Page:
Other findings which may give insight into underlying aetiology include:

  • Chemosis and bruits in vascular causes: due to altered blood flow and vascular congestion (3)
  • Facial trauma patients may concurrent subconjunctival haemorrhage, periorbital ecchymosis and soft tissue contusion (3)
  • Extensive masses in the region of the superior orbital fissure may be marked by proptosis, eyelid swelling and chemosis (6)

It should also be noted a phenomena of partial superior orbital fissure syndrome has also been described where involvement is strictly confined to the central sector thus associated with isolated oculomotor, abducens and nasocilairy involvement (4)

Diagnostic procedures

The diagnosis of superior orbital fissure syndrome is suspected on clinical grounds. Imaging studies play in role in confirming the diagnosis and, more importantly, give insight into underlying aetiology. Early use of plain film with superior orbital fissure views (20-25° head tilt) has largely been replaced by widespread availability of CT and MRI. The most common imaging modality is currently CT with 2mm fine cuts looking for bony fragments or compressive masses. Where a vascular cause is suspected angiography is recommended to define any carotid-cavernous fistula or carotid aneurysm (4).

In cases managed conservatively or medically there is little consensus on need for follow-up imaging but Shama et al. (2012) suggests a repeat MRI at 6 months (1).

Differential diagnosis

Important differentials to distinguish from superior orbital fissure syndrome are:

  • Orbital apex syndrome: where the main differentiator is optic nerve involvement (2).
  • Cavernous sinus syndrome: which can be classed into three subtypes. The posterior cavernous sinus syndrome includes whole trigeminal involvement. The middle cavernous sinus syndrome involves the first and second divisions of the trigeminal nerve (ophthalmic and maxillary). The anterior cavernous sinus syndrome involves ophthalmic nerve involvement only (15). Furthermore cavernous sinus syndrome may be associated with Horner’s syndrome and pain which is in contrast to superior orbital fissure syndrome (17).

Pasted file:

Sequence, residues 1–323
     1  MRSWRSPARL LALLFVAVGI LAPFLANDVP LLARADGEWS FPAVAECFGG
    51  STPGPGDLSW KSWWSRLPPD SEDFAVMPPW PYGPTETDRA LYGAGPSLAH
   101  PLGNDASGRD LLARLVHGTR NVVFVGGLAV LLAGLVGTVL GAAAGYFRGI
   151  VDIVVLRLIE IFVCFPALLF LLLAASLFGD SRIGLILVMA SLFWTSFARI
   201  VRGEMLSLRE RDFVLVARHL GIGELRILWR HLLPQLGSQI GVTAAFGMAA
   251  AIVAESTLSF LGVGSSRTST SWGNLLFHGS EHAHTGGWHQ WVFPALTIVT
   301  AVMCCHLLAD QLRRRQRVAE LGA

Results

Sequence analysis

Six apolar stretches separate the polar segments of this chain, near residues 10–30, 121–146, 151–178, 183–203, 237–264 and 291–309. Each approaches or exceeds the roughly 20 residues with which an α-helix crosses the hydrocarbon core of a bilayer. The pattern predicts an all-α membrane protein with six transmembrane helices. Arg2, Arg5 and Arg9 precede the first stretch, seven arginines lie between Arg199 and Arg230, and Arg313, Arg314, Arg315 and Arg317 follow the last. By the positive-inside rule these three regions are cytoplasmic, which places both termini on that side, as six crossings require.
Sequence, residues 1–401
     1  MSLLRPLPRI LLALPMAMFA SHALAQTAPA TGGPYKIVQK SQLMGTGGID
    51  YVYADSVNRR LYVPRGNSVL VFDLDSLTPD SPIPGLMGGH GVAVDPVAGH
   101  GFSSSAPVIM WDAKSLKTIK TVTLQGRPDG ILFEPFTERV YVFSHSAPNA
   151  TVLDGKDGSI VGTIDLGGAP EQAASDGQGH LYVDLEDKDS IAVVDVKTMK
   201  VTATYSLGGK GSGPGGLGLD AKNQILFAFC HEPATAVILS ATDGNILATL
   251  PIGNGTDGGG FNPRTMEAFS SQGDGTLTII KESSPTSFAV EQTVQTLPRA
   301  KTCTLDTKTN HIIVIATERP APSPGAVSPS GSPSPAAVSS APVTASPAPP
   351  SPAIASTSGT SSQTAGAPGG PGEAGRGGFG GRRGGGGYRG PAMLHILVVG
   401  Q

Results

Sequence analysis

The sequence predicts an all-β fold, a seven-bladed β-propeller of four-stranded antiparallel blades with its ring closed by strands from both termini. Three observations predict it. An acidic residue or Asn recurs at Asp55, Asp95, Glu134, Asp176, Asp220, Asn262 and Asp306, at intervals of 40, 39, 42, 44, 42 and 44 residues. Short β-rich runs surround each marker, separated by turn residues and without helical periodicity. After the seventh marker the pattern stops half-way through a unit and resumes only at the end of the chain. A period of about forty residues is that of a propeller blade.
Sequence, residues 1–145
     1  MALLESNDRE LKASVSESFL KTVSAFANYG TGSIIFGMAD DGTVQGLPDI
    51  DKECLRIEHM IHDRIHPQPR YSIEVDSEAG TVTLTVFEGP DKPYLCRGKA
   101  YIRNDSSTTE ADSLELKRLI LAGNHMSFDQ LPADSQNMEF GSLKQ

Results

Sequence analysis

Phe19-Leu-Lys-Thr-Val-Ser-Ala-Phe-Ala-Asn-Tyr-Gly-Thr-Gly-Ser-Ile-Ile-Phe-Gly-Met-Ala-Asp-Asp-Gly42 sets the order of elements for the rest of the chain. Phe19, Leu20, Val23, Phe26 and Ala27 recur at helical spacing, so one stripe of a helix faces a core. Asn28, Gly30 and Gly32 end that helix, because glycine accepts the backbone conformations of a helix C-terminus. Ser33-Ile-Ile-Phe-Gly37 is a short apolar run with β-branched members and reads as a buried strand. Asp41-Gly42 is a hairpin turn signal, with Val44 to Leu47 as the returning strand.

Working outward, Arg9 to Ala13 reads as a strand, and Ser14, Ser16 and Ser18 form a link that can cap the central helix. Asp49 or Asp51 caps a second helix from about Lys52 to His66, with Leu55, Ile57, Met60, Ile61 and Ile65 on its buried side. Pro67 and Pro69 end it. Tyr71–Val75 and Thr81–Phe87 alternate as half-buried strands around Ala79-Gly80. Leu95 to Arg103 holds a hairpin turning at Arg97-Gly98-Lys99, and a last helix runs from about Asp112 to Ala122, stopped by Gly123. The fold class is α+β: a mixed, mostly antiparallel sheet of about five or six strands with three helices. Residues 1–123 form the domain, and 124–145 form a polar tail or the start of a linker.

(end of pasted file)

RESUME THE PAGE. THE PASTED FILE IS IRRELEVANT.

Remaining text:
The management of superior orbital fissure syndrome is not standardised and there exist medical and surgical options. Indications for urgent intervention are vascular causes (requiring embolization) and bony fractures with displaced fragments or severe foraminal narrowing (3).

Medical therapy

Conservative medical treatment involves mega dose steroids and is suitable in patients not meeting criteria for urgent surgical intervention as discussed above. The commonest regime mirrors that of spinal cord/nerve injury protocols and involves intravenous IV methylprednisolone as a 30mg/kg bolus followed by a 5.4mg/kg 48 hour infusion and eventual per oral prednisone taper over 2 weeks (4, 18).

Surgical management

Surgical management in the non-urgent setting is performed at an average of 10.7 days due to concerns that early intervention is associated with increased swelling and ocular pressure (3). Both orbital and cranial extradural approaches have been described including extranasal intraorbital to access the lateral wall, extranasal transethomoidal to access the medial wall, a modified extranasal intraorbital route, transtemporal route in causes of infectious collections and combined orbital and cranial for deep decompressions (19, 20).

Complications and prognosis

No adverse effects from medical therapy with high dose steroids in this setting have been described (18). Complete recovery of all nerves has been reported in 24-40% of patients receiving steroid treatment compared to 21.4% in those without. Recovery is usually extended over a period of months with progress plateauing at 6 months. The abducens nerve which is most commonly damaged shows the best recovery.

Possible sequelae from superior orbital fissure syndrome may include remaining deficit requiring further strabismus or ptosis surgery (3, 4)


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3. Chen C-T, Wang TY, Tsay P-K, Huang F, Lai J-P, Chen Y-R. Traumatic superior orbital fissure syndrome: assessment of cranial nerve recovery in 33 cases. Plastic and reconstructive surgery. 2010;126(1):205-12.

4. Chen C-T, Chen Y-R. Traumatic superior orbital fissure syndrome: current management. Craniomaxillofacial Trauma and Reconstruction. 2010;3(01):009-16.

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17. Lee JH, Lee HK, Park JK, Choi CG, Suh DC. Cavernous sinus syndrome: clinical features and differential diagnosis with MR imaging. American Journal of Roentgenology. 2003;181(2):583-90.